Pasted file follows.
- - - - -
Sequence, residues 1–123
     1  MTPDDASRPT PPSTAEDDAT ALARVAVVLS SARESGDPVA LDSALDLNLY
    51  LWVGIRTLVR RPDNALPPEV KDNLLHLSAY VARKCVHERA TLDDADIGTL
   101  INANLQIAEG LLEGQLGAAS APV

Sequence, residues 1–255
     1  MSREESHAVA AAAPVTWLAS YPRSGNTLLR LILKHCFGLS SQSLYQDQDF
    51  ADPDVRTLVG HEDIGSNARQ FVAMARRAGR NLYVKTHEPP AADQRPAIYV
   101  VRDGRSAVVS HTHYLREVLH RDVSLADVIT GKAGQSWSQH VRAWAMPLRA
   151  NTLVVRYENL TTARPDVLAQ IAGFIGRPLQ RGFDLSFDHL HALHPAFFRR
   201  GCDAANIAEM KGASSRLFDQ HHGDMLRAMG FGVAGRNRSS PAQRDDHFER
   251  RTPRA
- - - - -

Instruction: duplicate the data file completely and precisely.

Sequence, residues 1–123
     1  MTPDDASRPT PPSTAEDDAT ALARVAVVLS SARESGDPVA LDSALDLNLY
    51  LWVGIRTLVR RPDNALPPEV KDNLLHLSAY VARKCVHERA TLDDADIGTL
   101  INANLQIAEG LLEGQLGAAS APV

Sequence, residues 1–255
     1  MSREESHAVA AAAPVTWLAS YPRSGNTLLR LILKHCFGLS SQSLYQDQDF
    51  ADPDVRTLVG HEDIGSNARQ FVAMARRAGR NLYVKTHEPP AADQRPAIYV
   101  VRDGRSAVVS HTHYLREVLH RDVSLADVIT GKAGQSWSQH VRAWAMPLRA
   151  NTLVVRYENL TTARPDVLAQ IAGFIGRPLQ RGFDLSFDHL HALHPAFFRR
   201  GCDAANIAEM KGASSRLFDQ HHGDMLRAMG FGVAGRNRSS PAQRDDHFER
   251  RTPRA